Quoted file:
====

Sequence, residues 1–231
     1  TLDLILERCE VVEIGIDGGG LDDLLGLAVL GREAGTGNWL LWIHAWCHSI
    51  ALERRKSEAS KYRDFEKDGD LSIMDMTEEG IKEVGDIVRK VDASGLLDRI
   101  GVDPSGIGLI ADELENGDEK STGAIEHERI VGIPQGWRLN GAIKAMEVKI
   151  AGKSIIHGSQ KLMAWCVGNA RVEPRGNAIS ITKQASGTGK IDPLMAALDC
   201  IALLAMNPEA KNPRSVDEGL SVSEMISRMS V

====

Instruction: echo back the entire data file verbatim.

Sequence, residues 1–231
     1  TLDLILERCE VVEIGIDGGG LDDLLGLAVL GREAGTGNWL LWIHAWCHSI
    51  ALERRKSEAS KYRDFEKDGD LSIMDMTEEG IKEVGDIVRK VDASGLLDRI
   101  GVDPSGIGLI ADELENGDEK STGAIEHERI VGIPQGWRLN GAIKAMEVKI
   151  AGKSIIHGSQ KLMAWCVGNA RVEPRGNAIS ITKQASGTGK IDPLMAALDC
   201  IALLAMNPEA KNPRSVDEGL SVSEMISRMS V